January 24, 2012
By DAVE GRAM
MONTPELIER, Vt. (AP) - Nearly 150 people packed a Statehouse hearing room Tuesday evening to offer their views on the future of Vermont's mental health system now that Tropical Storm Irene has forced the closure of the Vermont State Hospital in Waterbury.
The views offered at the hearing were mixed. Some favored a centralized state hospital, while others supported a plan launched by Gov. Peter Shumlin to have smaller facilities in different parts of Vermont.
There appeared to be broad support for the stepped-up community-based services that Shumlin administration officials hope will reduce the need for the type of acute-care beds the state maintained in Waterbury.
Some testified on the need to resolve the ongoing crisis in the state's general purpose hospitals, where staff members say they've been trying to care for patients who formerly would have gone to Waterbury.
"I have witnessed a hospital floor I used to be proud to work on ... become an acute, chaotic, stressful environment that is not conducive to productive treatment for any patient," Christina Sclafani, a registered nurse at Burlington's Fletcher Allen Health Care hospital, told members of four legislative committees gathered for the joint hearing.
Fletcher Allen, like other hospitals around Vermont, has been under intense pressure since Tropical Storm Irene's flooding forced the evacuation of the Waterbury facility in late August to take patients that previously would have gone to Waterbury.
Sclafani joined Dr. Mark McGee, chief resident in psychiatry at Fletcher Allen, as well as many of the dozens who testified in urging the state to open a centralized hospital larger than what Shumlin has called for to take patients who formerly went to Waterbury.
Shumlin last month laid out a plan calling for a new, 16-bed acute-care facility to take the sickest patients in Berlin; a new, 14-bed unit at the private Brattleboro Retreat psychiatric hospital in southeastern Vermont; and six acute-care psychiatric beds at the Rutland Regional Medical Center. Those 36 beds would not wholly replace the 54 that were in Waterbury, but administration officials have said some of the patients at Waterbury were there only because there weren't enough less acute settings around the state, something the Shumlin plan aims to correct.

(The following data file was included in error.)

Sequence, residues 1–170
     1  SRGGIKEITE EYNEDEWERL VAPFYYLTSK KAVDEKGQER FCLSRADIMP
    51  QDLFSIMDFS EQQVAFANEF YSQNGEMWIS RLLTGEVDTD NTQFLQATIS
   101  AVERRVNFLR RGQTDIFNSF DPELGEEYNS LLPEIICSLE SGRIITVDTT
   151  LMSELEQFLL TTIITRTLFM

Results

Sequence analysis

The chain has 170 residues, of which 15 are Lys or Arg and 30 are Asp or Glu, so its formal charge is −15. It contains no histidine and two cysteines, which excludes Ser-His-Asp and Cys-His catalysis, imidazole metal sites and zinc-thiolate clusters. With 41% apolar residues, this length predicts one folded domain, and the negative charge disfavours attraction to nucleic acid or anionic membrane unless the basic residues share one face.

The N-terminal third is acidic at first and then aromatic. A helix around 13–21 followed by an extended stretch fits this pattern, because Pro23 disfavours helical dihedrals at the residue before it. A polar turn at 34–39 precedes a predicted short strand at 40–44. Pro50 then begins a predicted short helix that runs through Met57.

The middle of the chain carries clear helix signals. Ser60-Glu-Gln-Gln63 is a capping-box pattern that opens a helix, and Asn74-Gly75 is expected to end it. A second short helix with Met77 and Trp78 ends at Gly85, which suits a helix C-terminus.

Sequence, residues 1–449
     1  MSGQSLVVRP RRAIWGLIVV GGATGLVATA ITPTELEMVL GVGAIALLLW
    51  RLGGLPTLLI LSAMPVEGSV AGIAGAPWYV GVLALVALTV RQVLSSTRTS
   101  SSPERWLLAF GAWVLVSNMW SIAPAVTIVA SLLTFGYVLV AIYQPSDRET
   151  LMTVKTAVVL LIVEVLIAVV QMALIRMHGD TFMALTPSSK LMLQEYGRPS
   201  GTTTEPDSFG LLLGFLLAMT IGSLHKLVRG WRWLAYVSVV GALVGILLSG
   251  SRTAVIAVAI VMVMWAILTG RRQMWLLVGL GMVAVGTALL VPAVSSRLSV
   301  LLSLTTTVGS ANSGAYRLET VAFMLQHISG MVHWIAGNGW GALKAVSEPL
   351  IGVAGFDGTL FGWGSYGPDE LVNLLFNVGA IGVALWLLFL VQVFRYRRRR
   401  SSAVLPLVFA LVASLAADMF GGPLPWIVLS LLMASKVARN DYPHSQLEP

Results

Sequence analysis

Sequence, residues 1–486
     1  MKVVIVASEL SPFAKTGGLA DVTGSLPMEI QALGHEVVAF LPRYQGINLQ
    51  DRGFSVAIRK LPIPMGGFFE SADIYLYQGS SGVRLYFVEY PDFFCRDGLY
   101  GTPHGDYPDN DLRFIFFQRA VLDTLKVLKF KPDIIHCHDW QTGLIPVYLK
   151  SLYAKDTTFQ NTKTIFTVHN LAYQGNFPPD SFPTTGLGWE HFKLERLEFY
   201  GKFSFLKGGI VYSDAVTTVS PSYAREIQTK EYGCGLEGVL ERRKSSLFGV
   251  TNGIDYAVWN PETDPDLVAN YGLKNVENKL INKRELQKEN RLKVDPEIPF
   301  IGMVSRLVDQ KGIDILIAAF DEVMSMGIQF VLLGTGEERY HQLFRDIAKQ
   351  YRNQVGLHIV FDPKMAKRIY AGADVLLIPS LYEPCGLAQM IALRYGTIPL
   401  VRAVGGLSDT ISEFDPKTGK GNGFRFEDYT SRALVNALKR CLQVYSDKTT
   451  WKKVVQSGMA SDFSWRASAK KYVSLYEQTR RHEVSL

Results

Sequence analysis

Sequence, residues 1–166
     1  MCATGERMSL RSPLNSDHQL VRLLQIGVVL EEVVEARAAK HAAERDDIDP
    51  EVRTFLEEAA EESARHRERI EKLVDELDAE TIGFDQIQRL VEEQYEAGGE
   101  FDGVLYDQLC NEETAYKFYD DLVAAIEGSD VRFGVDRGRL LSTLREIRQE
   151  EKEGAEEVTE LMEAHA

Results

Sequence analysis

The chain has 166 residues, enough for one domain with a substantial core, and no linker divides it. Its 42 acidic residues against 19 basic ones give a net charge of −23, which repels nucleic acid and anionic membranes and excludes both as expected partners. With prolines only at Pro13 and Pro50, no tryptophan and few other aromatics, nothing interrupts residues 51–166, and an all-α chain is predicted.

Several of those testifying at the hearing spoke of their own experiences as patients of the Vermont system or those in other states, many of them asking for more state support for "peer services," programs in which patients in recovery help those in crisis.
They and others testifying welcomed Shumlin's call for more community-based mental health services. But witnesses cautioned that community services should not be pitted against acute in-patient beds.
"Really it's a false dichotomy or trichotomy or whatever, because we're all part of the same continuum," said Becky Moore, a social worker and one of several state hospital staff members who previously worked in Waterbury, told the committees "People need all of these services and more at different times."
Family members of patients told their own stories of an hour-long ride to visit a son in Waterbury that had suddenly become a three-hour trip to Brattleboro.
Among those testifying in favor of both a strong, centralized state hospital and a strong system of community services were some who had seen Vermont's mental health system from more than one vantage point.
Fran Levine of Montpelier, a veteran nurse manager at the state hospital whose son is mentally ill, told the lawmakers, "This is not about my job. This is about people and services."
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